Like many people I’m absolutely enthralled by History Channel's The Vikings, but as usual I can’t just enjoy the show I have to know if there are any facts behind the fiction. Unfortunately after days of research I’ve come to realize that I’ll probably never know if Ragnar Lothbrok, and his wife, Lagertha, were real because the Scandinavian people of the Viking age left no written records.
The accounts we have of Ragnar come mainly from The History of the Danes written by Saxo Grammaticus in the 12th century. Scholars disagree as to whether Ragnar really existed. Some say there is historical fact behind the legend, others state that he is a composite of many kings. And if the experts don’t know, how can I? But if I had to guess I’d say there was some truth behind the myth.
My reasoning lies with another Viking, Leif Erikson. For centuries it was believed that the saga describing Erikson’s voyage to Vineland was merely a myth and had no basis in fact, and yet in the early 1960’s Norwegian explorer, Helge Ingstad, and his wife, archeologist Anne Stine Ingstad, discovered proof that the Vikings had, in fact, sailed to North America, and had settled at L'Anse aux Meadows in Newfoundland.
So maybe we can look again at the evidence, take for example, the idea that shield-maidens existed only in myth. My common sense tells me that in a warring society, there must have been women who were proficient with the sword. They would have to be, especially when you consider that the men were gone for long periods, raiding. It’s human nature to protect your home and family no matter what your gender.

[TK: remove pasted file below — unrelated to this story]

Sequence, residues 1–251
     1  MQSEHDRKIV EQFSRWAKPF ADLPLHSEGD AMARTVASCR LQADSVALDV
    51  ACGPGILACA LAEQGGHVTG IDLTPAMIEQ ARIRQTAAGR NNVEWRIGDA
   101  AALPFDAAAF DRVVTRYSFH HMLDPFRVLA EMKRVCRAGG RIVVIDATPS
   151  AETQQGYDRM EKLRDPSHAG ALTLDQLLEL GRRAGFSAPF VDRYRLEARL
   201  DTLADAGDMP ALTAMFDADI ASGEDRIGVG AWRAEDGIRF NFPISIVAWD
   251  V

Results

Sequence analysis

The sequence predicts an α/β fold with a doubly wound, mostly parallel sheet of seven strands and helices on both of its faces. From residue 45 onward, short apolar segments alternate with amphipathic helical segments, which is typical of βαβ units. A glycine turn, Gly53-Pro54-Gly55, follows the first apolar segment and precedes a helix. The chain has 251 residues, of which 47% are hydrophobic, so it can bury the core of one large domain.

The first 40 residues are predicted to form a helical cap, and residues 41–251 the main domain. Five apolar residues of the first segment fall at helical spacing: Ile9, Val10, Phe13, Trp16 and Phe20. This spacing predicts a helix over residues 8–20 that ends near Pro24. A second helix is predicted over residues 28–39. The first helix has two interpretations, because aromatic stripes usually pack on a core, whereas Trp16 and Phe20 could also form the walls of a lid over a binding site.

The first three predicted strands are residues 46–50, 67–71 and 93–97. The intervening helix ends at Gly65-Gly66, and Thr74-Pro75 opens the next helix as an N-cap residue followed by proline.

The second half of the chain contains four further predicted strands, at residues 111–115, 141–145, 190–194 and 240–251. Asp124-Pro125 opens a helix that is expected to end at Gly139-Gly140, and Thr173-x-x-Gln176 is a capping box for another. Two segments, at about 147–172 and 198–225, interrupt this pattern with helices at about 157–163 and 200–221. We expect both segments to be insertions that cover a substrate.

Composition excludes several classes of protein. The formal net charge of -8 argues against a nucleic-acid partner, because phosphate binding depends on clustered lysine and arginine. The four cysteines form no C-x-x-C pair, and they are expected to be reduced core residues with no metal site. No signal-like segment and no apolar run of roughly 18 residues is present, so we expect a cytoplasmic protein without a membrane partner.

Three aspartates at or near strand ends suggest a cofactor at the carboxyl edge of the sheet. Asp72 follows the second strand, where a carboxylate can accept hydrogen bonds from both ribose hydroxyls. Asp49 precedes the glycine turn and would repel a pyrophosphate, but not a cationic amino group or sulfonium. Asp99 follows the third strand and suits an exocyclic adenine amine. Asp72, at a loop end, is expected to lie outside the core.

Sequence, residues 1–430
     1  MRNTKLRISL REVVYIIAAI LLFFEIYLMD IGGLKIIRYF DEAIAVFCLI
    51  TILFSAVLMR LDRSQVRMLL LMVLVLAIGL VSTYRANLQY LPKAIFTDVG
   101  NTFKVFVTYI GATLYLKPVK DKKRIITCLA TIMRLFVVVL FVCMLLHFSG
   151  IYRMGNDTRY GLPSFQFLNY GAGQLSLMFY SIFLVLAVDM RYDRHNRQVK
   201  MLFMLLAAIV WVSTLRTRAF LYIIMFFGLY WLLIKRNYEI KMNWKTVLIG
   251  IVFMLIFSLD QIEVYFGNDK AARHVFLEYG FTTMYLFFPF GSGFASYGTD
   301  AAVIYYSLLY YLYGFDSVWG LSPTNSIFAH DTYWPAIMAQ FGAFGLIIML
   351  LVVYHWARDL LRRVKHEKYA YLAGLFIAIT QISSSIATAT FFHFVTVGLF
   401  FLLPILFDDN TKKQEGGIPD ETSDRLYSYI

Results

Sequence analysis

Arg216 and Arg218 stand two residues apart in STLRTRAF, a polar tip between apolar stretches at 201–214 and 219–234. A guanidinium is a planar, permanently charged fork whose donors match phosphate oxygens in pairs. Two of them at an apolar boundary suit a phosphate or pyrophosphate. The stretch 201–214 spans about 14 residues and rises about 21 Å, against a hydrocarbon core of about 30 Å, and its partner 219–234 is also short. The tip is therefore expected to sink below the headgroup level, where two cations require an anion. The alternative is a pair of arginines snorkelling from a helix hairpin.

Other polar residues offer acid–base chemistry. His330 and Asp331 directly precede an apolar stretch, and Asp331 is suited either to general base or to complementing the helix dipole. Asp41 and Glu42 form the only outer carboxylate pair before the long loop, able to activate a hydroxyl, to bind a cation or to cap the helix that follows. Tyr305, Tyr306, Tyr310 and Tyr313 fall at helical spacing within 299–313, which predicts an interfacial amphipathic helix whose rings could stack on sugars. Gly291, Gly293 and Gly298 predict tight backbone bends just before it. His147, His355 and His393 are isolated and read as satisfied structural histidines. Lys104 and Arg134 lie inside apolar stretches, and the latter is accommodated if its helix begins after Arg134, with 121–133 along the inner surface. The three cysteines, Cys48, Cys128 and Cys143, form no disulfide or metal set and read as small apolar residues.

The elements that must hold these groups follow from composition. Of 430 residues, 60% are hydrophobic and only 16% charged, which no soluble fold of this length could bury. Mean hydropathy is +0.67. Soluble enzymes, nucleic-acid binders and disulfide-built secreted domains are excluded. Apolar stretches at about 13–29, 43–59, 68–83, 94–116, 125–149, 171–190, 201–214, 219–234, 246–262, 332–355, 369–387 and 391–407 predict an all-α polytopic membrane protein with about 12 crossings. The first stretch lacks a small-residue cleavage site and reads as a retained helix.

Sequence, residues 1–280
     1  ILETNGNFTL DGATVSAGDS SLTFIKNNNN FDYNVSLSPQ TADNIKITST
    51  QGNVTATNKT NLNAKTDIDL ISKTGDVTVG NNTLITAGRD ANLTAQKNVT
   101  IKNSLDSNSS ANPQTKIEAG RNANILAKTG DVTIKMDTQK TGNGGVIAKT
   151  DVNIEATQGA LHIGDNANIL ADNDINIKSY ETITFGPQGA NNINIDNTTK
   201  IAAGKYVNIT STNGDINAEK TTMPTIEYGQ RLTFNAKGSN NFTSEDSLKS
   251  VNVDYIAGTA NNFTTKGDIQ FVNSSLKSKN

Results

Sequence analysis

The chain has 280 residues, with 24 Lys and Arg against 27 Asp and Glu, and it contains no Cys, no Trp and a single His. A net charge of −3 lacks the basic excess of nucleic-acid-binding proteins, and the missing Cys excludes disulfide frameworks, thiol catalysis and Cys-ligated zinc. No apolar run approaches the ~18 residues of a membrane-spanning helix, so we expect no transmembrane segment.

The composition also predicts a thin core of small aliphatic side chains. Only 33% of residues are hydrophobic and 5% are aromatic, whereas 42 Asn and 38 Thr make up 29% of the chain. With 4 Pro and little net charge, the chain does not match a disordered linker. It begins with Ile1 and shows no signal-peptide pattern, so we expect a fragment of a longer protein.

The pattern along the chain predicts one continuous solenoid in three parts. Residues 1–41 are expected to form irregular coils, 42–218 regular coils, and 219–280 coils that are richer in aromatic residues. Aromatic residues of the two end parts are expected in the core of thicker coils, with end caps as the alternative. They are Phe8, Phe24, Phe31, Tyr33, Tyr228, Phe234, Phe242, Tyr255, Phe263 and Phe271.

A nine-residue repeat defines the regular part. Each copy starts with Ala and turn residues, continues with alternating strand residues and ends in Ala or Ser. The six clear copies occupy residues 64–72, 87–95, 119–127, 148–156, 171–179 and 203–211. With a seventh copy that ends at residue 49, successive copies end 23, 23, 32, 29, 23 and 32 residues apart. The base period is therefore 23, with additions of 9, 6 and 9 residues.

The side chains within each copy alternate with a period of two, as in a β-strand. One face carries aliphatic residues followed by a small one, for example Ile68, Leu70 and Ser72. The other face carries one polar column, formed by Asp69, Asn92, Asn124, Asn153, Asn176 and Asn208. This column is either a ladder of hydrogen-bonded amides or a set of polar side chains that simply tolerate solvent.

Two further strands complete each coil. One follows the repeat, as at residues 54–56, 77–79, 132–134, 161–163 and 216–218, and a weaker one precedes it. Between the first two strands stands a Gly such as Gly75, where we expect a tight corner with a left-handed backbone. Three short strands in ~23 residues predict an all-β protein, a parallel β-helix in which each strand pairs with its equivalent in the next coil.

Like most pagan peoples the Norse buried their dead with grave goods, so one could assume that shield-maidens were buried with their swords. Once again it’s not that straightforward. Marianne Moen in the January 2013 article Don’t Underestimate Viking Women, says
“There have also been cases of male graves with beads and woven cloths, and women were sometimes buried with smaller weapons, for instance arrowheads. Generally it is fairly obvious what constitutes male or female objects, but the lines were sometimes blurred.”
It seems that archeologists have assumed gender roles based on their own skewed perception rather than the facts. In 1904 a grave ship containing the skeletons of two women was found. Instead of assuming that this was the burial of powerful women in their own right archeologists assumed it was the wife or mother of a powerful man. But could this in fact have been the burial of a Lagertha-like character? Maybe. In the same article Moen also says
“To assume that Viking men were ranked above women is to impose modern values on the past, which would be misleading,”
The experts are now re-examining the evidence, hopefully with fresh eyes. Perhaps one day soon we will have a better glimpse into the the real lives of the Vikings.
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